eSports on a Casual Budget
Logitech is continuing to improve in the headset space. Does this $89 option work for us?
Slowly but surely, gaming accessories are going to the way of sneakers. Growing up, if you wanted to be a “baller,” you wanted a pair of Jordans. Short of that, you at least wanted a pair of Nikes or Reeboks – something that screamed “sports.” Even though making it to the pros was about as common as winning the lottery, you still wanted to be like the pros with their amazing talent, millions of dollars, and adoring fans. So you’d lace up those shoes and think maybe, just maybe, they’d lend you a little bit of the magic promised in the commercials.
And so it goes with the rise of eSports. With pro gamers now competing in million dollar tournaments and filling out stadiums of their own, PC gaming peripherals are going to the way of Nike, inextricably tying themselves to competitive gaming with marketing and team sponsorships. Yet, at least in some cases, there may be some substance to the hype.
Today, we’re taking a look at the Logitech G Pro gaming headset. Yes, it’s got sponsorships printed on the side of the box and quotes from professional gamers on the product page, but with a renewed focus on performance over flash, could there be more to the G Pro than hype? Let’s find out.
Specifications and Design
- MSRP: $89.99 (Amazon.com)
- Driver: Hybrid mesh PRO-G
- Magnet: Neodymium
- Frequency response: 20Hz-20KHz
- Impedance: 32 Ohms
- Sensitivity: 107dB@1KHz SPL 30mW/1cm
- Noise Isolation: up to 16dB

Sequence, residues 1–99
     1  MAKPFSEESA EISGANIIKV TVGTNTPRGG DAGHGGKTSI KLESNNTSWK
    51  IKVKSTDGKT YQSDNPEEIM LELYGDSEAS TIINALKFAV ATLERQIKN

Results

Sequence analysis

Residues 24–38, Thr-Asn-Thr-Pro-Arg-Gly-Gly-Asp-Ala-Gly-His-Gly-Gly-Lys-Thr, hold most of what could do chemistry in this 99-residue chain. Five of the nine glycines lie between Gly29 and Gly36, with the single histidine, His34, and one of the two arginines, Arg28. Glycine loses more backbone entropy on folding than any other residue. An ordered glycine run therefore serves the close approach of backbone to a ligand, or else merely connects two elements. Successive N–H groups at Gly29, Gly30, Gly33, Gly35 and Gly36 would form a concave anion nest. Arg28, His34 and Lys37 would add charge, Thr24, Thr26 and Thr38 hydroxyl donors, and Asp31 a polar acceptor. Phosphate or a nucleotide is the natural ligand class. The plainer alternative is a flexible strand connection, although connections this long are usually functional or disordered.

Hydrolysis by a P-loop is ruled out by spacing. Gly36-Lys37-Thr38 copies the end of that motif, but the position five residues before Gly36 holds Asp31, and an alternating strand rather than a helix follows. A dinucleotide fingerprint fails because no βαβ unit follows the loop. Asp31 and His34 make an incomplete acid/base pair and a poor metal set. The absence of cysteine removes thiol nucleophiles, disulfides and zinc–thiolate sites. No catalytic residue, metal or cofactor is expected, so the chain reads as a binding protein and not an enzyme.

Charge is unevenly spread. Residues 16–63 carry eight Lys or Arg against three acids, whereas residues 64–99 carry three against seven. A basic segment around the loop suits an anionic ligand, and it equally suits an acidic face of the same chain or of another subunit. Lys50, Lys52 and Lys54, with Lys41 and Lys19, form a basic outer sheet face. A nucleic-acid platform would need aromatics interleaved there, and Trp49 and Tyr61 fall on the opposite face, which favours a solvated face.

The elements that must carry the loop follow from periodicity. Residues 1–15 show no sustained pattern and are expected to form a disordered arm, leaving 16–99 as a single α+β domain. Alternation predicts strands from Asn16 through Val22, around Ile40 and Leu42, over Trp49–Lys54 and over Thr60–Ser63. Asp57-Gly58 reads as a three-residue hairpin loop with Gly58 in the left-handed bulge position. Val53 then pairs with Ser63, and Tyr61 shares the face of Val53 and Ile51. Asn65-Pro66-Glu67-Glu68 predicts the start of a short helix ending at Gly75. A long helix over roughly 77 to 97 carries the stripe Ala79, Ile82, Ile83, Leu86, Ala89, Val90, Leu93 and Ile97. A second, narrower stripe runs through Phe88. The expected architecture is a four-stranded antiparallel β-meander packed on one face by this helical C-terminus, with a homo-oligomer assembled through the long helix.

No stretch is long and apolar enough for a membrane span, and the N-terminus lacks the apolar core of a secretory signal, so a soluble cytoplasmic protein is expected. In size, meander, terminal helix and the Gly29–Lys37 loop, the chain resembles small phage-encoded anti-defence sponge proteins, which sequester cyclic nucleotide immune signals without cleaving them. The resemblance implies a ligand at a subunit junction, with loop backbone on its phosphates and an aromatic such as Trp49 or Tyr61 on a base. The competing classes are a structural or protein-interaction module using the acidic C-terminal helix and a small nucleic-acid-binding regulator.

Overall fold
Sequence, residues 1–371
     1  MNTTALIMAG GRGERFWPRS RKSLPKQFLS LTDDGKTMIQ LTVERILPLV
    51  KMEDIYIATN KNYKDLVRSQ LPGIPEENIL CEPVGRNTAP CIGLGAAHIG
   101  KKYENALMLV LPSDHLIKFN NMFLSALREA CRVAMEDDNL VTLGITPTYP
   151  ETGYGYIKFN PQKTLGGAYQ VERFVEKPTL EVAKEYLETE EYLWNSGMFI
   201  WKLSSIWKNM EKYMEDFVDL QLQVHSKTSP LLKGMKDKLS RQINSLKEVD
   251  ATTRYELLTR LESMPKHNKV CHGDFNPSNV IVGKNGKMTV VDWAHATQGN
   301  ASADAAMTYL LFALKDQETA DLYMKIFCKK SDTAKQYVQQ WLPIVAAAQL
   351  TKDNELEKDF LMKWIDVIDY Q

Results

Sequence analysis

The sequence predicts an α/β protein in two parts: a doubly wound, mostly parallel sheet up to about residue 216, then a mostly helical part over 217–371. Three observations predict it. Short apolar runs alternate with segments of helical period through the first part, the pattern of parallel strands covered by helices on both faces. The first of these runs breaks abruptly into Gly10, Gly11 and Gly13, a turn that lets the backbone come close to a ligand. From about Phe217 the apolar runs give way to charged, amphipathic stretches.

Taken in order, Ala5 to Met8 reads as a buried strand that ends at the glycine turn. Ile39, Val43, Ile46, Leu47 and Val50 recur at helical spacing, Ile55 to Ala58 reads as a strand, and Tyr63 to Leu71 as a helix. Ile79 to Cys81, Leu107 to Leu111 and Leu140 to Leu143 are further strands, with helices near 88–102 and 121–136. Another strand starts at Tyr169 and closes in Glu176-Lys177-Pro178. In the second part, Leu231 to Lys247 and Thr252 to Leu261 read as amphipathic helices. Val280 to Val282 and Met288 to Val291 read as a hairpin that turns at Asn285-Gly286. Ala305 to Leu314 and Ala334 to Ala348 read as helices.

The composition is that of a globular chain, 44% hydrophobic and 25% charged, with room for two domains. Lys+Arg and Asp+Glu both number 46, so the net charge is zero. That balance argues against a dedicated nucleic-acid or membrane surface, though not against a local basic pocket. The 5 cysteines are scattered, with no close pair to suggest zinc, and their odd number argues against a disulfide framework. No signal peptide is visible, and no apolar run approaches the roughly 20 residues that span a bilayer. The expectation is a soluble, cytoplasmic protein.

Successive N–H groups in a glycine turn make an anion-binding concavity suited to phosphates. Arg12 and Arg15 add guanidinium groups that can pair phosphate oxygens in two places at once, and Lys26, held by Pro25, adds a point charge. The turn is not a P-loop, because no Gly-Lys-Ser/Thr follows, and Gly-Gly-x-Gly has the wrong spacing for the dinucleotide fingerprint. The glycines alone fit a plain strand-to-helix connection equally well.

- Cable length: 2m
- Surround: Windows Sonic and Dolby Atmos for headphones Compatible
- Microphone Pickup Pattern: Cardioid (Unidirectional)
- Microphone Type: Back Electret Condenser
- Microphone Size: 4mm
- Microphone Frequency response: 100Hz-10KHz
- Dimensions: 6.77 in (H) x 3.22in (W) x 7.17 in (D)
- Weight: (w/o cable): 9.14 oz (259 g)
- PC Cable Length: 6.56 ft (2 m)
- Warranty: 2-Year Limited Hardware Warranty
- Headband: TR90 nylon
- Joint: Glass fiber reinforced nylon
- Slider: Stainless steel
- Ear and head pads: Leatherette
- Additional ear pads: Microsuede
- Earcups: Soft-touch
Beginning with packaging, we can see the simple approach right from the outset. The box mirrors the headset itself in its low key presentation. The most flash we see is on the rear with a large-text glossy black feature list and a slogan befitting its design: “One Purpose. Play to Win.”
Inside the box, we find the headset simply packaged, though note that there is a plastic tray which rests on top of the headset not pictured above. Underneath the headset, we find our 6.5ft braided cable ending in 4-pole head, the headphone/microphone splitter, and a set of microsuede replacement ear cushions.
Taking the headset out of the box, I was surprised by how lightweight they were. There’s also a good amount of padding on both the ear cushions and headband, making them quite comfortable to wear over the long term. As you can tell from the picture, they rotate 90-degrees to rest comfortably on your chest when not in use. The joints are glass-reinforced nylon, which should make them more resistant to breaking from small falls or extended use.